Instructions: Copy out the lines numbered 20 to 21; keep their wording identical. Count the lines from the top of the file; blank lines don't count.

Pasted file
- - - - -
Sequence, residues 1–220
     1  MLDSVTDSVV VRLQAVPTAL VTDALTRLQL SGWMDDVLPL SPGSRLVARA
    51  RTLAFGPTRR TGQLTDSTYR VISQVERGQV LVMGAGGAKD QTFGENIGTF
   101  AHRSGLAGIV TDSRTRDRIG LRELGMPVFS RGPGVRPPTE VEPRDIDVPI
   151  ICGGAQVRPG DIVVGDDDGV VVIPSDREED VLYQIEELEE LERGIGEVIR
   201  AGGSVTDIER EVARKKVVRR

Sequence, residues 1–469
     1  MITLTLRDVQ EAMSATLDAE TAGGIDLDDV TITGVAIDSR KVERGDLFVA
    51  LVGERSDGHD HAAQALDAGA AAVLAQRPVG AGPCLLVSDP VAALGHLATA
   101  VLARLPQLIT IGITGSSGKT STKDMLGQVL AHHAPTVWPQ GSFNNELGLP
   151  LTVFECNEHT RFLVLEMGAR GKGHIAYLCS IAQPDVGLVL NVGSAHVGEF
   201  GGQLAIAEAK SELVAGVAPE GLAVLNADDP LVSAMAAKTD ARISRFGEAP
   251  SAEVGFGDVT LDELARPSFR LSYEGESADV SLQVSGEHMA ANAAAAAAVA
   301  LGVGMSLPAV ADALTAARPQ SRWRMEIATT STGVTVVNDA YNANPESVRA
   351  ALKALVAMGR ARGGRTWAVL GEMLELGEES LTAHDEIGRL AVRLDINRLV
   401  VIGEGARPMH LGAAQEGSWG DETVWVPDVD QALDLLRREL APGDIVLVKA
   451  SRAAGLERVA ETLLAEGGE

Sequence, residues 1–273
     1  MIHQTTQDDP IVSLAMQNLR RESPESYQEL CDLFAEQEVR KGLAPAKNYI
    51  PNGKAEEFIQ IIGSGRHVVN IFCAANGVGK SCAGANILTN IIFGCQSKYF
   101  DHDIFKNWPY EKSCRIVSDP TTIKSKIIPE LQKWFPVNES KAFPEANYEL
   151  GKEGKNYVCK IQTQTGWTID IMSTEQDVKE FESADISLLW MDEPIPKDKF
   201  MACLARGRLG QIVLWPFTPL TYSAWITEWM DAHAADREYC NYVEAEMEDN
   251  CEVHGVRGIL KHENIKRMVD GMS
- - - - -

    51  PNGKAEEFIQ IIGSGRHVVN IFCAANGVGK SCAGANILTN IIFGCQSKYF
   101  DHDIFKNWPY EKSCRIVSDP TTIKSKIIPE LQKWFPVNES KAFPEANYEL